Which Parts of Medicare Do I Really Need?
I am turning sixty-five in the next few months and trying to prepare myself for this new transition to Medicare. I still work part-time, but I will not have other insurance when I go on Medicare. I know there are different parts to Medicare, but which ones do I really need?
-Stanley (Grand Rapids, MI)
Thank you for taking the time to write us. Since you will not have any other insurance once you become eligible for Medicare, the first step you may want to take is to sign up for Original Medicare by contacting the Social Security Administration. You can do this as soon as 3 months before your 65th birthday, and your coverage will start on the first of your 65th birth month. E.g., if your birthday is August 20th, your Original Medicare will start August 1st. If your birthday falls on the 1st of the month, Medicare will start a month prior.
Original Medicare consists of two parts- Part A and Part B.
Part A is inpatient hospital coverage, and it covers:
- Semi-private rooms
- General nursing
- Drugs as part of your inpatient treatment
- Other hospital services and supplies as part of your inpatient treatment
Part B will cover outpatient medical services such as:
- Medically necessary services: Services or supplies needed to diagnose or treat your medical condition and that meet accepted standards of medical practice.
- Preventive services: Health care to prevent illness (like the flu) or detect it at an early stage when treatment is most likely to work best.
Now, what will Original Medicare cost for you? Part A is premium-free for most people. But Part B does have a standard monthly premium of $170.10, per person, in 2022.
Both Parts A and B have deductibles, as well as copays, and coinsurances that you will be responsible for as you use the coverage. Keep in mind there is no annual out of pocket limit with Original Medicare. Therefore, if you just take Medicare Part A and B with no additional coverage, you could face significant out of pocket costs. If you choose not to take them at all, you could face penalties later down the road if you change your mind.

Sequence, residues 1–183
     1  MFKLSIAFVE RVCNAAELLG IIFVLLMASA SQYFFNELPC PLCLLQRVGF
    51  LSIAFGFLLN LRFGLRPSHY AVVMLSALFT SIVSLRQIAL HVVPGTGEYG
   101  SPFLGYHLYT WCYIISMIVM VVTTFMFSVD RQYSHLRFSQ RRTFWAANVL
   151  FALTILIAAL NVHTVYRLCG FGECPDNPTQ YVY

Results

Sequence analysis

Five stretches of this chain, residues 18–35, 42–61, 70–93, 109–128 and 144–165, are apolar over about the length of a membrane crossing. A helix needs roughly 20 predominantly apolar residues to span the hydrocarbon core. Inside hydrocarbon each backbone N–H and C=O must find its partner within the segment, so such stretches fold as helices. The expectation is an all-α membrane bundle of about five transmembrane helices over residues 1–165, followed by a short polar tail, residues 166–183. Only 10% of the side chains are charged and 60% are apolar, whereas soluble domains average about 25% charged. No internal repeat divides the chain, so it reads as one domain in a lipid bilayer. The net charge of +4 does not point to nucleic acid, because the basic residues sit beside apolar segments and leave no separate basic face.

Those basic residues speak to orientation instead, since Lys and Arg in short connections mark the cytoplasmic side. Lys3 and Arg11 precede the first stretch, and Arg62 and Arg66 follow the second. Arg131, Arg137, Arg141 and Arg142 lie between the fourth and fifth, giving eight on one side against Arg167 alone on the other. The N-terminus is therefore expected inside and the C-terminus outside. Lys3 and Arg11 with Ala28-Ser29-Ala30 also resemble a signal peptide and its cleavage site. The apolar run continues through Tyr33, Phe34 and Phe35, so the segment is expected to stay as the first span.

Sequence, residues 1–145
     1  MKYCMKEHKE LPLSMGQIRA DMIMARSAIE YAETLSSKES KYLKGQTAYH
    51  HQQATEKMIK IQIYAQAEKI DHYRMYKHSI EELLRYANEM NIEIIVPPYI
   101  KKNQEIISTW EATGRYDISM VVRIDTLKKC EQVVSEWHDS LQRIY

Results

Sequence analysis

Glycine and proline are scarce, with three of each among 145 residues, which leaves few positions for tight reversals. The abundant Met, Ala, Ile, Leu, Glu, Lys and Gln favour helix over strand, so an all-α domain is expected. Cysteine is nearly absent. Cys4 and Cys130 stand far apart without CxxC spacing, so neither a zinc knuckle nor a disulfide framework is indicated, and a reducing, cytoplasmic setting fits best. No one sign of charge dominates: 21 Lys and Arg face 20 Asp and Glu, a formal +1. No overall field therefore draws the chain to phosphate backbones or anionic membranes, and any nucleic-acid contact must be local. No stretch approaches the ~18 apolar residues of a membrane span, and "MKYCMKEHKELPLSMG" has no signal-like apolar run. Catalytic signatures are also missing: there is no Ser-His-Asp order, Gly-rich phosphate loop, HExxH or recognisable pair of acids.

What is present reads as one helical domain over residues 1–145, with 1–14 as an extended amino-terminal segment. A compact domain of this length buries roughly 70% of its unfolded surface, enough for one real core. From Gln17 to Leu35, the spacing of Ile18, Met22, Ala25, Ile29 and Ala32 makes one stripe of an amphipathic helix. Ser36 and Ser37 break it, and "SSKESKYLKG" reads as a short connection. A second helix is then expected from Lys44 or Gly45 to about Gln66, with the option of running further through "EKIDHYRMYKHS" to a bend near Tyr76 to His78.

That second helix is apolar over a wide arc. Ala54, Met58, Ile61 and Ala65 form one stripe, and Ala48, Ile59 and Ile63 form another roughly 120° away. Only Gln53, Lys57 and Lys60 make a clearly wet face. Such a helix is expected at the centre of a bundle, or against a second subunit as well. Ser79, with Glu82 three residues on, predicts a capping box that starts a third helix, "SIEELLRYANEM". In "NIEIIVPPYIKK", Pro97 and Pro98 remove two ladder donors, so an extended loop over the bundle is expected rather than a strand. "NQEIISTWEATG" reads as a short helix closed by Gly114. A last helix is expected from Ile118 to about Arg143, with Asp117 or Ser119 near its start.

Although you paid into Medicare while you were working, that does not mean that Medicare will cover everything. This is a common misconception. In fact, Original Medicare was never intended to be a sole coverage for all your healthcare needs. If you choose to pick up additional coverage, you do have some options to help offset your out-of-pocket medical expenses.
After picking up Original Medicare, most people enroll into either a Medicare Advantage (Part C) plan or a Medicare Supplement (Medigap).
Medicare Advantage plans replace Original Medicare Parts A and B. Even though you will remain enrolled in Part A and B, you will only use the Medicare Advantage insurance when you receive medical care.
Advantage plans operate off a network like an HMO, PFFS or PPO. These plans can cover hospital, medical, and prescription drug coverage (Part D) under one plan. They typically have a lower monthly premium, but you will be responsible for copays, coinsurance, and deductibles that will have an annual cap called a Maximum Out of Pocket. This is a limit on how much you pay for medical services in a year. Some Advantage plans offer benefits for dental and vision, but they vary from plan to plan.
Medicare Supplements work with your Original Medicare Parts A and B to fill in the gaps for what Medicare doesn’t cover. Supplement plans do not have a network, so you may use these plans at any provider throughout the country that accepts Original Medicare. These plans cover hospital and medical services, and you may enroll into a separate stand-alone drug plan if you need prescription coverage (Part D). The Supplements usually have a higher monthly premium, but you may have much less out of pocket expenses with a Supplement.
Regardless of which option you choose, you will still have to pay your Part B premium, which again is $170.10 a month for most people. Parts A, B, and D may have penalties if you don’t enroll in them when you are first eligible. Although you are not required to pick up a Medicare Supplement plan or Medicare Advantage plan, they can help ease your share of healthcare expenses that A and B will not cover. So, going back to your initial question on what you “need,” I’d say it really depends on what’s important to you.
Your Medicare Advisor
For help with Medicare plans – or any questions you may have about Medicare – contact AMAC’s Medicare Advisory Service at 1-855-611-4856 or request a quote below!